campaignlive.co.uk, Friday, 01 October 2010 12:00AM
Richard Stacy said at the (recent EACA) seminar: "Advertising is the answer to a question nobody ever asked." As soon as he said that, I loved him.
Later on, he said: "The limited conditions of old media have created advertising. In the same way as the limited conditions of the Ice Age created the woolly mammoth." He carried on to quote Ron Bloom as saying that in the very near future, 50 per cent of all media consumed will be created by consumers.
He said that this insight alone prompted him to dive headfirst into social media - into working in "spaces" rather than "places" (hence the attack on websites). He said the role of marketing would be divided into conversation, content-creation and community-building, and suggested that marketing departments should be renamed conversation departments. It's now well known that Dell, one of the leaders in this area, has a staff of 40 constantly working on the social media sites.
Andy Lark, the guy at Dell who has driven all this, has said that marketing is about "listening to and coalescing all the conversations going on out there". Richard then said that propositions, the backbone of old advertising, weren't just irrelevant - their dead weight could kill brands off in the next decade. It's all about stories, not propositions - eg. Apple's story is built around Steve Jobs' vision that it isn't about technology, it's about the users of technology.
By contrast to companies like Apple, giants like Procter & Gamble, which has dominated marketing for the past five decades or more, are in danger of disappearing because they "burn" their brand stories - eg. they buy IAMS and take away the passion and personality, and substitute a kind of empty, logical proposition.
The other thing that will threaten these big companies is that they're still buying into the idea of buying media. As Richard said: the future is about making media, not buying it.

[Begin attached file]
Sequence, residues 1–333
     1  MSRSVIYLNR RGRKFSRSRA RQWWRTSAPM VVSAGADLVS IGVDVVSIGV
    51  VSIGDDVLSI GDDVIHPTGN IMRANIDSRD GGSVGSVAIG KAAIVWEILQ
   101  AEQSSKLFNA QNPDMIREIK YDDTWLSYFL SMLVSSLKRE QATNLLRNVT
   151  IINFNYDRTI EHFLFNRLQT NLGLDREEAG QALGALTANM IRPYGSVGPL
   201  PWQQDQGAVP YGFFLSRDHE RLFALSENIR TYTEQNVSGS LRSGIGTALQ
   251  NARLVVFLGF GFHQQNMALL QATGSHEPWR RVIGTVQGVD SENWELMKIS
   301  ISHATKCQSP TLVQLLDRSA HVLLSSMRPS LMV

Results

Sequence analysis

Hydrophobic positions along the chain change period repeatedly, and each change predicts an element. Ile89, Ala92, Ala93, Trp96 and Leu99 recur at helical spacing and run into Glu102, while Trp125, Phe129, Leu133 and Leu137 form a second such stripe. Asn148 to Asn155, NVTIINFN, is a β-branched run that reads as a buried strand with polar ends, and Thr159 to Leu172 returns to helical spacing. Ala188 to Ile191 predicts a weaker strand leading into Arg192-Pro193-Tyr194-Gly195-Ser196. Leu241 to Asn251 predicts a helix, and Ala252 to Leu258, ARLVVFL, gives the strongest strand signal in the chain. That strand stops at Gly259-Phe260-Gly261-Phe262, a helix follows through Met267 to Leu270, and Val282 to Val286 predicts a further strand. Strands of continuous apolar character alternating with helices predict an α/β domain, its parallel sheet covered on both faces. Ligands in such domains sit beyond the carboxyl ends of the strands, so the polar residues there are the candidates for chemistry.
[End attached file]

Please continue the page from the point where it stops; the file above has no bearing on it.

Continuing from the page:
Steve Henry's blog, www.campaignlive.co.uk
AN INDUSTRY CONFUSED
Sometime in the near future, advertising pundits will look back at the current era and reach the conclusion that we blew it.
They'll say we were focused on everything but the problem.
We had dashboards and metrics and click-throughs and webisodes and branded entertainment and a whole galaxy of new and used media outlets ... but what we didn't have was very good advertising.
It seems silly to have to say this, but our industry has reached a point of such grotesque confusion that I'm going to say it anyway -the business of the advertising business is advertising.
If the advertising isn't very good, what difference does the rest of it make?
We analyse everything and understand nothing. We have forgotten that some of the best advertising ideas weren't the result of algorithms and analyses. They were the result of someone sitting on the toilet with a yellow pad and coming up with a great idea.
I'm not advocating throwing caution to the wind and doing whatever the hell sounds like fun, but I am saying that we need to temper our arrogant belief in our analytical abilities with the realisation that there is a great deal about how advertising works that is about imagination, not facts.
Our clients may think they want dashboards and data, but what they really need is ideas.
The longer we stay focused on gee-whiz technologies and media gimmicks while our creative work languishes, the more our value to our clients will erode.
With all the startling innovations in communication, technology and media, one would think that creative innovation would follow as a natural offshoot. But it hasn't. Creativity doesn't work that way. It has its own timetable and its own mind.
IS IBM REALLY 'BETTER' THAN APPLE?
Interbrand has just released its 2010 Best Global Brands list. And as you would expect, Coca-Cola is perched at the top of the list.
Somewhat surprisingly, Apple is way down the list at number 17. That's better than last year, when it was ranked at 20, but much lower than I would've expected.
Not that I'm any kind of an expert on the ranking of a brand's value. But why on earth is IBM ranked number two? I don't think its name has ever come up in any meeting or conversation I've had over the past year.
Possibly longer. I would have thought IBM would have lost some of its lustre in recent times. Especially since it made the decision to let a Chinese company manufacture and sell IBM laptops under the Lenovo brand. Weird.
This article was first published on campaignlive.co.uk